Introduction to Modern Fortran – p. 22/??
Really Basic I/O
READ *, <variable list> reads from stdin
PRINT *, <expression list> writes to stdout
Both do input/output as human--readable textEach I /O statement reads/writes on a new line
A list is items separated by commas (‘,’)Variables are anything that can store valuesExpressions are anything that deliver a value
Everything else will be explained later
Introduction to Modern Fortran – p. 23/??
Repeated Instructions
The previous program handled only one valueA more flexible one would be:
1. Start of program2. Reserve memory for data3. Repeat this until end of file
3.1 Read the value of seconds3.2 Convert to minutes and seconds3.3 Write out the result
4. End of Program
Introduction to Modern Fortran – p. 24/??
Sequences and Conditionals
Simple algorithms are just sequencesA simple algorithm for charging could be:
1. Calculate the bill2. Print the invoice
Whereas it probably should have been:
1. Calculate the bill2. If the bill exceeds minimum
2.1 Then print the invoice3. Otherwise
3.1 Add bill to customer’s account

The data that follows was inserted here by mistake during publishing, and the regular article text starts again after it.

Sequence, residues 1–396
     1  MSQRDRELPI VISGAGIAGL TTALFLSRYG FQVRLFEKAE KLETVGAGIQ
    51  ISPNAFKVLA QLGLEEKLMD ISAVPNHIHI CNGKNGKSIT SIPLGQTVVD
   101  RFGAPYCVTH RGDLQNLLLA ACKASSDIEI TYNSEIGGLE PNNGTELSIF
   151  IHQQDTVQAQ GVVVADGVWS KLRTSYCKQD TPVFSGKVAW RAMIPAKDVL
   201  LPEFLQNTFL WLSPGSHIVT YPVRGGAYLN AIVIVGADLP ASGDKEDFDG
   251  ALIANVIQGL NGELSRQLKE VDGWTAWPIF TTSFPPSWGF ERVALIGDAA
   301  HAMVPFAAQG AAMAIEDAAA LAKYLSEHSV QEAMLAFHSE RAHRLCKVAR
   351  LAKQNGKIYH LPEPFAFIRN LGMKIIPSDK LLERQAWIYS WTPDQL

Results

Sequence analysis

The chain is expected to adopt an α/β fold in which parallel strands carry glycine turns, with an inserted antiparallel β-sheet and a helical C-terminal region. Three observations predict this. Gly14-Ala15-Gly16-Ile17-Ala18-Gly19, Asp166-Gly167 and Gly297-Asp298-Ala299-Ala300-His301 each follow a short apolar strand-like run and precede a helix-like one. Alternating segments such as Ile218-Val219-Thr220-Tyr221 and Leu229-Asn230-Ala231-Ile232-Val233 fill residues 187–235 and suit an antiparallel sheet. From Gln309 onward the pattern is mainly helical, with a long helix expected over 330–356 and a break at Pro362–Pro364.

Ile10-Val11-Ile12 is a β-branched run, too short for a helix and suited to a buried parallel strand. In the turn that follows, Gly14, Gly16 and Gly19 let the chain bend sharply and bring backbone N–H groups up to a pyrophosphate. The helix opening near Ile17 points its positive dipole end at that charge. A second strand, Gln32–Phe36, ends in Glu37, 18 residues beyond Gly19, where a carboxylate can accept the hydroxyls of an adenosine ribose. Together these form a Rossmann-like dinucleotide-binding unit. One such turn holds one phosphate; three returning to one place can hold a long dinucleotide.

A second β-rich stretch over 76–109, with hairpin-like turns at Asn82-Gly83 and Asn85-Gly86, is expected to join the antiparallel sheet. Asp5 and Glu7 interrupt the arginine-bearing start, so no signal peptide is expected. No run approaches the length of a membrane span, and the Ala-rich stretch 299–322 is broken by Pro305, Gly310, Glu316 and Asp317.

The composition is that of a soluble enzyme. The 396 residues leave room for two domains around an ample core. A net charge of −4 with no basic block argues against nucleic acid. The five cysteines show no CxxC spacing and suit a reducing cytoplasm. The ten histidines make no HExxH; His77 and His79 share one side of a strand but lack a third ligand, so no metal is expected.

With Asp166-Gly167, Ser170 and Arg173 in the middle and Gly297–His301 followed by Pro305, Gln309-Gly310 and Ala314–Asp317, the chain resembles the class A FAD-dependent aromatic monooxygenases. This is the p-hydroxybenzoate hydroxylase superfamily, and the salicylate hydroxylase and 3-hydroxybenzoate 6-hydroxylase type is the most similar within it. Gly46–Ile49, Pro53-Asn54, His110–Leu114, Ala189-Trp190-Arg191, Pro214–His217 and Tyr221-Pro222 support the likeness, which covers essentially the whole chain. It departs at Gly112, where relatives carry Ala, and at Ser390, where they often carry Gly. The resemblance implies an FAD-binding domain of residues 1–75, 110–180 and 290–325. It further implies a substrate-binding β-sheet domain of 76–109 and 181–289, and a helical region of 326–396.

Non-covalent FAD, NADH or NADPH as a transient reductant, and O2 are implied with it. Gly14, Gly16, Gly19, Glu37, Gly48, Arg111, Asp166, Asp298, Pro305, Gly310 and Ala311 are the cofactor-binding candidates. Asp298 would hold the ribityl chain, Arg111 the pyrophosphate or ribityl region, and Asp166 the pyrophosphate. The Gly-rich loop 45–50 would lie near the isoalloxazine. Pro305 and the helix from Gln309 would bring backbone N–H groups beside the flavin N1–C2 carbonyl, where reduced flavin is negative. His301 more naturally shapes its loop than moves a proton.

Introduction to Modern Fortran – p. 25/??
Summary
There are three basic control structures:• A simple sequence• A conditional choice of sequences• A repeated sequence
All algorithms can be expressed using theseIn practice, other structures are convenient
Almost always need to split into simpler tasksEven Fortran II had subroutines and functions!Doing that is an important language--independent skill
Introduction to Modern Fortran – p. 26/??
Developing a Computer Program
There are four main steps:
1. Specify the problem2. Analyse and subdivide into tasks3. Write the Fortran 90 code4. Compile and run (i.e. test)
Each step may require several iterationsYou may need to restart from an earlier step
• The testing phase is very important
Introduction to Modern Fortran – p. 27/??
Errors
• If the syntax is incorrect, the compiler says soFor example: INTEGER :: ,mins, secs
• If the action is invalid, things are messierFor example: X/Y when Y is zero/ represents division, because of the lack of ÷
You may get an error message at run--timeThe program may crash, just stop or hangIt may produce nonsense values or go haywire
Introduction to Modern Fortran – p. 28/??